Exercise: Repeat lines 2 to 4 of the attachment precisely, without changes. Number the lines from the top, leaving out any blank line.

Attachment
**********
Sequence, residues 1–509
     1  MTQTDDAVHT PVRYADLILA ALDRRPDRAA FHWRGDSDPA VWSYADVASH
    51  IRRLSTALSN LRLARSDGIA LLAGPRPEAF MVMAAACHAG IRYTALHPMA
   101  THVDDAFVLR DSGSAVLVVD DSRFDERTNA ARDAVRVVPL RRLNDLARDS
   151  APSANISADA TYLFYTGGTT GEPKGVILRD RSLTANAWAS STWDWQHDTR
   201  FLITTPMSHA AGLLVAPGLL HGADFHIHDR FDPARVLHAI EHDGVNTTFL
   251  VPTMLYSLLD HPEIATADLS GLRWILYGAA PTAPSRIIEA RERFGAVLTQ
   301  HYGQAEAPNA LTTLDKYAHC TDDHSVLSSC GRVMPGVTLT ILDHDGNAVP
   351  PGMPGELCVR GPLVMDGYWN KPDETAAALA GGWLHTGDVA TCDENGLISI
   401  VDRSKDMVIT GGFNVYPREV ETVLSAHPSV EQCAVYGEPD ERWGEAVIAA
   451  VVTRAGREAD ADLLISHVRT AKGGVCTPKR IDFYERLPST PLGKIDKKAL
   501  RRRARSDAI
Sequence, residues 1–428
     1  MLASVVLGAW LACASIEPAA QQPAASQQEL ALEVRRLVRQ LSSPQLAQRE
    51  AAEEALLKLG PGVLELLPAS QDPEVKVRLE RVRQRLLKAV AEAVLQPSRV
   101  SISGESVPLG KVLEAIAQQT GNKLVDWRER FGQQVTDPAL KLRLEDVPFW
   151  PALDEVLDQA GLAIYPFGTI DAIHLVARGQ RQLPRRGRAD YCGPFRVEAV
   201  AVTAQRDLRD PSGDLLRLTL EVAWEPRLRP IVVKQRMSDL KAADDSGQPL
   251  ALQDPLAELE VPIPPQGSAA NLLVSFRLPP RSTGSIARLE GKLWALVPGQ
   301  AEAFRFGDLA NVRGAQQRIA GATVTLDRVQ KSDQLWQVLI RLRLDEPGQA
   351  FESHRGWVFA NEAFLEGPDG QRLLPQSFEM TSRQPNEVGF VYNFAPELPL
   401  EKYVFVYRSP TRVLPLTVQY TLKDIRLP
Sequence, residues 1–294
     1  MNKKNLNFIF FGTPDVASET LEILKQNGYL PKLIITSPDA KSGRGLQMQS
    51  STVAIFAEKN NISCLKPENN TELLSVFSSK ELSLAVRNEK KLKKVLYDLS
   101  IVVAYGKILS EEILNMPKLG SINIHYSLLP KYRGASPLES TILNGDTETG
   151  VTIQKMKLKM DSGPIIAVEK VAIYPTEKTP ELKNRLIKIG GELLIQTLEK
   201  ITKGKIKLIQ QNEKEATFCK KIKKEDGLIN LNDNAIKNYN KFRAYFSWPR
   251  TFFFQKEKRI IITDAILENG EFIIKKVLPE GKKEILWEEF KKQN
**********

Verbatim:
     1  MTQTDDAVHT PVRYADLILA ALDRRPDRAA FHWRGDSDPA VWSYADVASH
    51  IRRLSTALSN LRLARSDGIA LLAGPRPEAF MVMAAACHAG IRYTALHPMA
   101  THVDDAFVLR DSGSAVLVVD DSRFDERTNA ARDAVRVVPL RRLNDLARDS